Covid-19 exposed the ugliness of institutionalization of elderly people and people with disabilities. Exploring alternatives has never looked so possible.
I write this from my wheelchair in my shared facility room, and with a heart full of hope. Could I be going home soon?
Part of Biden’s $400 billion for Long-term Care Services would have been spent on home and community-based alternatives (HCBS) that seek to provide caregiver help to people who need significant assistance- at home as opposed to in nursing homes or group homes. But the infrastructure bill it was included in didn’t pass.
Services can include home visits from nurses or occupational therapists; assistance with personal care; attendance at adult day centers; help with cooking, cleaning and other chores, and more.
I require ADLs myself: activities of daily living. I’m a C4 quadriplegic. I’m completely paralyzed from the shoulders down and I need assistance bathing, dressing, getting in and out of bed, eating, ect. I need some help living.
There aren’t any HCBS services near me that provide that kind of help. That’s not surprising. We’re a small community and we’ve got our mandatory nursing home.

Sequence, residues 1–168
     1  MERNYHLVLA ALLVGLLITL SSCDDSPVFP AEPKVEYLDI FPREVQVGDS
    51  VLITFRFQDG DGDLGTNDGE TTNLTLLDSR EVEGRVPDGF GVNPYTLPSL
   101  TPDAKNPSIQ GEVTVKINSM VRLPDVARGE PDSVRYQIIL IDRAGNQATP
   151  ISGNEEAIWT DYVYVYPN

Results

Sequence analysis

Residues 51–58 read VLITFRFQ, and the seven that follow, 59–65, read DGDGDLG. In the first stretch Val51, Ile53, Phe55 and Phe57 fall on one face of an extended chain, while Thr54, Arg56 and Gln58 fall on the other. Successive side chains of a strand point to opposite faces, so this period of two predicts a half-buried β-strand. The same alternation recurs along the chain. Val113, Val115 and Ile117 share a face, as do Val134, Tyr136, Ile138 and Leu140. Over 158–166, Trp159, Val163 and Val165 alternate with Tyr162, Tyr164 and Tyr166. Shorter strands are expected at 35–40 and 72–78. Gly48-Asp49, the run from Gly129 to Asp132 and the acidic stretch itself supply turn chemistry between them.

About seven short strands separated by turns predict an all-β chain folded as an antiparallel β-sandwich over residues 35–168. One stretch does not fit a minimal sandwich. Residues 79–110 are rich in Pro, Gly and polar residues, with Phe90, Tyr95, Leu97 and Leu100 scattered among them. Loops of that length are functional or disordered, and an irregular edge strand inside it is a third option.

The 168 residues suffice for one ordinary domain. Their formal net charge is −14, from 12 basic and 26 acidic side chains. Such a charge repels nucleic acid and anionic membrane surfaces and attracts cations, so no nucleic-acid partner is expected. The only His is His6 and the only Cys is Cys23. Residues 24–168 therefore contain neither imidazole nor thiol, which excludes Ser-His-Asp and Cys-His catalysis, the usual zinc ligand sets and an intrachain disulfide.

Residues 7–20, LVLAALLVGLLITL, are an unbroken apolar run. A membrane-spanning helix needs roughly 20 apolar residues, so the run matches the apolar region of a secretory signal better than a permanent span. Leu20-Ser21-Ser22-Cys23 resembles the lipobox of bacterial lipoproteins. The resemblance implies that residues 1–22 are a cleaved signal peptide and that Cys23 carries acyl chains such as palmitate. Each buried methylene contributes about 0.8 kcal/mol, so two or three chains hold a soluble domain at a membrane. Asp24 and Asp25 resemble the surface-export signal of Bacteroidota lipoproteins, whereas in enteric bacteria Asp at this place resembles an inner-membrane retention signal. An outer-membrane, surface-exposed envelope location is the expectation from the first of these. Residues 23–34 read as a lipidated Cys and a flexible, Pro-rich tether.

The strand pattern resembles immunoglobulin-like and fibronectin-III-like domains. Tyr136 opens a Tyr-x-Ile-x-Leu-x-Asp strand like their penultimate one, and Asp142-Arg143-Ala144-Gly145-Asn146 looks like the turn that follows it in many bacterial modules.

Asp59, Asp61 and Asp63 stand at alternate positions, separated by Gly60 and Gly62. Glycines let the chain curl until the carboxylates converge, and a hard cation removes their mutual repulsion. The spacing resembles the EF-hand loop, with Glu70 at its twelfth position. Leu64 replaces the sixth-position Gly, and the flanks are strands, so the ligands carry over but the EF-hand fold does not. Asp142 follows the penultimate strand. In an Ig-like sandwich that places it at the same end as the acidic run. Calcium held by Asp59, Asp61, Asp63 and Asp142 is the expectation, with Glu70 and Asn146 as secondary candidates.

Here in rural AZ I have only the option of a facility. I must sacrifice my freedom and miss my home and family.
If your first question is “Why doesn’t your family just do your care?” you haven’t been paying attention.
Currently, 53 million family members provide most of the care that seniors and people with disabilities need. They are mostly daughters and many have put their own careers on hold. This is really hard on families!
Using my little family as an example, my own parent’s poor health keeps them from caring for me. My daughter did my care while going through high school which was no roll in the park, and now she is a busy teen mom.
Wait, doesn’t Medicaid help?
Some family member caregivers are paid some hours through Medicaid, if your income is very low. Currently these wages still average $12 and these hours are often inadequate. Also, they only allow certain family members to be paid. They wouldn’t pay my daughter while she was a teenager nor pay my own parents, had they been able to care for me, or my husband, had I been married.